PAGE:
Drawing a Box around Disruptive Change
What do you do with the notes you gather at a conference, workshop or seminar? My approach has changed over the years; but, ultimately, I tend to find a way to highlight those spoken or power point gems that stood out for me. My latest technique is to draw a box around the sentence or quote.
Why am I telling you this? Well, I attended a workshop hosted by the Ontario Chamber of Commerce in Toronto recently called “Capitalizing on Disruptive Change”. The content was top notch and while I was trying to figure out the best way to convey the messages from the four panels the light bulb went off…
Here’s what I drew a box around.
Panel 1: Leveraging the Capabilities and Strengths of the Four Generations at Work
We, as a workforce, are not efficient at getting talent into entry level jobs and put too much weight on social capital – The panelist expressed concern that too much emphasis continues to be put on “who you know” rather than “what you, as an employee, would bring to the table”. By not being efficient at this for entry level jobs, businesses could be missing out on hiring talent that could propel their business forward.
80% of employers can’t find talent and 1 in 3 employees want to move on in the next five years – For me this expresses one of the more consistent issues about workforce. Business needs talent, but talent isn’t necessarily ready to settle down in one career and training for someone who isn’t interested in staying can strain a budget.
Shaped by our generations – Historically, each of the generations in the workplace have been shaped by different world events, motivations, and how that generation was educated.
Attribution role – What are employers and employees attributing behaviour to? If it’s a negative sentiment, e.g. laziness, is that the true attribution or is it that the employee needs specific instructions beyond the original? If the employer is viewed as restrictive is that the case or is there a disconnect between the employee understanding
the process and the employers requirements as a business?
$24B in productivity lost because of talent strategy – How do we build pathways so businesses can find the talent they need efficiently to reduce lost productivity?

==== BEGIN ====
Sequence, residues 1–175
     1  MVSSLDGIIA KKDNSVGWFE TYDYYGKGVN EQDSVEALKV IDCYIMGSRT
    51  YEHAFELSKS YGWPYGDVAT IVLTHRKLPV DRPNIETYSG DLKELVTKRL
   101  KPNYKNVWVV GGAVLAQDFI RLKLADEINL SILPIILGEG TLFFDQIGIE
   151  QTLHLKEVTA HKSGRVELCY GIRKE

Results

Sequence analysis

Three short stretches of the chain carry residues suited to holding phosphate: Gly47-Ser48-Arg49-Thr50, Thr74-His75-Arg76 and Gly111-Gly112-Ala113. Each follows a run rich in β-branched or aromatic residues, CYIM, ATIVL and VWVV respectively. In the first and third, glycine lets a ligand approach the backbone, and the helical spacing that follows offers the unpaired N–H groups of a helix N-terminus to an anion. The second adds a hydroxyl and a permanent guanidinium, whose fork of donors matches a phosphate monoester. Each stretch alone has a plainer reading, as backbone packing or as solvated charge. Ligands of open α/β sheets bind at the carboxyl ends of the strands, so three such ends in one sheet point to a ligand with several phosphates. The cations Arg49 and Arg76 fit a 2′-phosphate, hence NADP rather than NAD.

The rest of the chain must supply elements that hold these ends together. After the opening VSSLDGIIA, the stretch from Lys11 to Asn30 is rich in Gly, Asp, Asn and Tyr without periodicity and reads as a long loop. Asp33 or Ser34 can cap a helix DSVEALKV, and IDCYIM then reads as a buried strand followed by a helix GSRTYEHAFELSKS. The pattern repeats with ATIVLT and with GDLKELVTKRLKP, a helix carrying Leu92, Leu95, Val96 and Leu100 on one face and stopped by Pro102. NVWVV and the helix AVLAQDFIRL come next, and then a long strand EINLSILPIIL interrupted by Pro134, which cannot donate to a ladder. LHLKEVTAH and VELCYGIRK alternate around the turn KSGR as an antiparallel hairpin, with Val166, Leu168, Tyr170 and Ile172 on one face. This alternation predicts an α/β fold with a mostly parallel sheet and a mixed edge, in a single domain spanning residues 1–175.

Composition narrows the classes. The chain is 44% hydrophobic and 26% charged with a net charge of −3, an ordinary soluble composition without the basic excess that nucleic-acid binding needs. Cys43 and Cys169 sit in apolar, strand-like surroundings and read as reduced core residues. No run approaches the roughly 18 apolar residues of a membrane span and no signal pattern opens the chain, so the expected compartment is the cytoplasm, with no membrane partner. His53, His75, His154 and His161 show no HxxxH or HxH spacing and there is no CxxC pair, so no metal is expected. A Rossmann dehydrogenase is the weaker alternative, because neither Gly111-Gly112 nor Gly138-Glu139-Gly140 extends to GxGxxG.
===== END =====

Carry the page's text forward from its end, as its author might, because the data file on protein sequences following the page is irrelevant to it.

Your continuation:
Panel 2: Positioning Artificial Intelligence (AI) and Machine Learning in the Ontario Context
What’s the talent boundary? As a fledgling industry, what’s the equation where there are enough jobs in the AI field and students with required skills to meet those jobs?
Students need to understand the linkages between problems before solutions – Students of AI and its possible applications need to be able to understand the why and not just the technical side.
We want this to be consumable to the end user – The ultimate goal is to have AI augment the work of humans, not necessarily replace it.
The content of jobs has changed – When thinking about the type of skills required for AI application, it’s not just about the technical needs but how to apply the learning. We are consistently asking people to think more and robots to do more.
How can AI be implemented across sectors? The panelists saw AI as its own sector but with application in every other sector to help identify efficiencies and increase productivity.
Panel 3: Empowering Women Entrepreneurs: Discussing Strategies to Ensure Equitable Access to Opportunities in the Disruptive Economy
Mentorship and sponsorship are different – One is offering advice and guidance and the other is a specific commitment to helping someone with their career.
Access to capital – Men and women ask for money differently and at different stages of their business development.
Clarity of message – Whether you are asking for money, advice, or someone to become a customer, know your pitch inside and out, keep it short and deliver it with confidence.
Redirect people to your strengths – What are those qualities about you that come easy; that standout? Highlight those and don’t dwell on the negative.
Stay true to your work culture - Dr. Andressa Lacerda of Peterborough’s Noblegen Inc, one of the panelists,
said when hiring they focus on people who buy into their work culture and belief system of their business.
Panel 4: The Future of Ontario’s Digital Economy with Ontario’s Chief Digital Officer
Build trust and confidence; deliver together – Hilary Hartley is Ontario’s Chief Digital Officer. She explained that her division is looking to deliver efficiencies across ministries using digital solutions. Her seven point plan is based on building trust and confidence within the government to deliver stellar service to the taxpayer.
Common playbook – Hartley described how the health care sector in the US and the UK have started to develop a common set of rules on how to improve digital offerings and efficiencies.
Think differently about solutions – Is developing a solution to a problem actually the best solution? Does the identified issue continue to be a necessity to getting the job done, determining results or desired outcome?
Moonshots – What are those goals that you would reach for, all things being equal? It’s a question Google asks its employees and it struck me as good a question to ask within any organization.
My final thought as I packed up my bag and headed back to Peterborough was that change is constant and while it can sometimes feel like we’ll never be able to keep up, how we advocate for and use what’s changing to propel our work and our talent forward is the key to success.
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